Saturday, November 26, 2016

4 Reasons Eating Garlic is Good for Cancer Prevention

If you love the pungent flavor and scent of garlic, you are on trend. Cultures have long used garlic both for cooking and medicine. Here in the US, garlic popularity has soared over the years. That’s potentially good news for health, and lower cancer risk.

Whether you already enjoy garlic or are wary of its intense scent, here are four reasons to regularly spice up your meals with this root veggie.

1. Garlic lowers the risk of colorectal cancer
After a review of the global research, AICR’s reports found that eating garlic frequently lowers the risk of colorectal cancers. There are many ways in which garlic and its compounds may do this: Lab studies show that garlic compounds help with DNA repair, slow the growth of cancer cells and decrease inflammation.

2. You’ll be packing in numerous phytochemicals, many studied for their role in lowering risk of many cancers
It’s the sulfur compounds that give garlic its distinctive scent, along with many of its health benefits. But each clove of garlic is crammed with a variety of phytochemicals, many showing cancer-fighting properties in the lab.

-    Flavonoids: compounds well studied for their anti-cancer properties.
-    Inulin and saponins
When you crush or chop garlic, that releases the compound allicin. Allicin forms several oil soluble allyl sulfur compounds.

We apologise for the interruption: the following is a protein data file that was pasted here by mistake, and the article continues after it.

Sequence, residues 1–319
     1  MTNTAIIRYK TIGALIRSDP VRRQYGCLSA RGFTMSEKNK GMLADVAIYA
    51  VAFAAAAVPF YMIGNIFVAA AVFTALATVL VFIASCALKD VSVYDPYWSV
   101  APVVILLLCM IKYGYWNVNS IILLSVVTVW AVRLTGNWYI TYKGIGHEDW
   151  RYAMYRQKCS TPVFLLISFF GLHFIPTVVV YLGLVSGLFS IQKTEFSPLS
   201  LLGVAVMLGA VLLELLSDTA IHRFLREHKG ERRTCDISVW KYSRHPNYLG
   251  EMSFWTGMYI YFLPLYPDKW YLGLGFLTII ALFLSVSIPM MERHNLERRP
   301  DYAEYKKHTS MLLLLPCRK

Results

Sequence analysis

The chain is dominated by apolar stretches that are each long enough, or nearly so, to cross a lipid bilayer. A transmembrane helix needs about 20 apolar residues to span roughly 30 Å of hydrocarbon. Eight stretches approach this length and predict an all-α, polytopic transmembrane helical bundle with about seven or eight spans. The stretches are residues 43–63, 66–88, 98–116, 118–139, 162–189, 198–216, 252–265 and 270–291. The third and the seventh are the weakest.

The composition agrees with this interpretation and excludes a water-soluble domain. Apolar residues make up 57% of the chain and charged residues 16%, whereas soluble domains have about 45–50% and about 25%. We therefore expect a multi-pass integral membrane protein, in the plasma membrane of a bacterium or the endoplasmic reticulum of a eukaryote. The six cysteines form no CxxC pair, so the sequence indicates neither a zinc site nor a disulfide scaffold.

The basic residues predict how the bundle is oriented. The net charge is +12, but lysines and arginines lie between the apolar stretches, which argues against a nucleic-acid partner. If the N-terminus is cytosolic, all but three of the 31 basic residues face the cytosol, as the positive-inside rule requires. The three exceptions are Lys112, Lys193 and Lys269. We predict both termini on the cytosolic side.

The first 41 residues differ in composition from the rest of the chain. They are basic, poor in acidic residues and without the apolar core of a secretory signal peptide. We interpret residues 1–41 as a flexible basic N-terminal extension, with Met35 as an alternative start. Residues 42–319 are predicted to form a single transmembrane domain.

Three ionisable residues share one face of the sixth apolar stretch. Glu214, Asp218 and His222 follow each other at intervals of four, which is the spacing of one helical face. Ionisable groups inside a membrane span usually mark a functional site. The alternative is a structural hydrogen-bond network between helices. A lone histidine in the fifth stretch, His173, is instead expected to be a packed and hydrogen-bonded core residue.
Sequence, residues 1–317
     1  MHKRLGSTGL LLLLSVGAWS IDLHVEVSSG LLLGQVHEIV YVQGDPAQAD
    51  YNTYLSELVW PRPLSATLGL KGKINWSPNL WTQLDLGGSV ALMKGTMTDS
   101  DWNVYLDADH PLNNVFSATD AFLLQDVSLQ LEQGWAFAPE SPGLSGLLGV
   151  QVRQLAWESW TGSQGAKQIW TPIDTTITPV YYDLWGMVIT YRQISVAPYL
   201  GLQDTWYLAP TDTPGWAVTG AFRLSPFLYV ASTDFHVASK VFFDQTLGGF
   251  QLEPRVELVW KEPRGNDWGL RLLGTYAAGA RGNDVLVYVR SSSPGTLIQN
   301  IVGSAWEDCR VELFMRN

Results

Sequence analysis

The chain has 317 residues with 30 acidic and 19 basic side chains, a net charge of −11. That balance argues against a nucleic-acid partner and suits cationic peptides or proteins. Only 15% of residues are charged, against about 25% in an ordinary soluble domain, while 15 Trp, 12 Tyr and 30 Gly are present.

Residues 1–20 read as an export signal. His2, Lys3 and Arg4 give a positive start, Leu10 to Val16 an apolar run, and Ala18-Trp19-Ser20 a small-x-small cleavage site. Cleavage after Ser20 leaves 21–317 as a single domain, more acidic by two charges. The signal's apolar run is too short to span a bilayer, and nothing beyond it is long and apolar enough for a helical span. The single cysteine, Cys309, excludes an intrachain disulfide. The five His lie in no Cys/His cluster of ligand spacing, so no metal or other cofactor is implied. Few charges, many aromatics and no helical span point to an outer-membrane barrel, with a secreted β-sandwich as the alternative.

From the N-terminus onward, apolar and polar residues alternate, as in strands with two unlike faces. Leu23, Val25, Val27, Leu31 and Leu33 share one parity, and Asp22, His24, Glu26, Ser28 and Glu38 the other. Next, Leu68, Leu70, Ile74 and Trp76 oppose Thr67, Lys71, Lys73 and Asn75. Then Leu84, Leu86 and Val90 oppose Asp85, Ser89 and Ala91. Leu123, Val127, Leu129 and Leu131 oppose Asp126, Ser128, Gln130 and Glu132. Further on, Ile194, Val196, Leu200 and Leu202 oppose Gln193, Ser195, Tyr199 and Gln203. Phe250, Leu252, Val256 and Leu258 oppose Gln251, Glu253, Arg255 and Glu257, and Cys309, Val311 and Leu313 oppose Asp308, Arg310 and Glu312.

-    S-allyl cysteine: A water-soluble sulfur compound found in high doses in aged garlic extract.

While the evidence that garlic lowers colorectal risk is the strongest, this pungent veggie is also being studied for its role in reducing risk for other cancers as well.

3. You can add garlic to punch up your plant-based dishes - and eat more of them
Tired of the same veggie goulash? Bored with that whole-grain pasta? It's a rare dish that doesn't benefit from a few garlic cloves.

Classified as a vegetable, garlic is used mainly as a flavoring. This vegetable is a staple seasoning in many Asian, Middle Eastern and Mediterranean cuisines that incorporate many other spices and herbs for flavor.

If you're new to using garlic in cooking, start with sliced or whole garlic cloves in soups or stews for a milder garlic flavor. For convenience try jarred, chopped garlic in oil. The more you chop or crush fresh garlic before adding to a dish, the more flavor will be released.

4. Garlic is part of a good family
Garlic belongs to the Allium family of vegetables, which includes onions, scallions, shallots, leeks and chives. Each has its own unique combination of phytochemicals, vitamins and other health-promoting compounds.

As always, there's no one food that reduces cancer risk. It's your pattern of eating that counts – choosing mostly plant foods that fill up two-thirds or more of your plate, with smaller amounts of meat.

Read more in Foods the Fight Cancer by AICR

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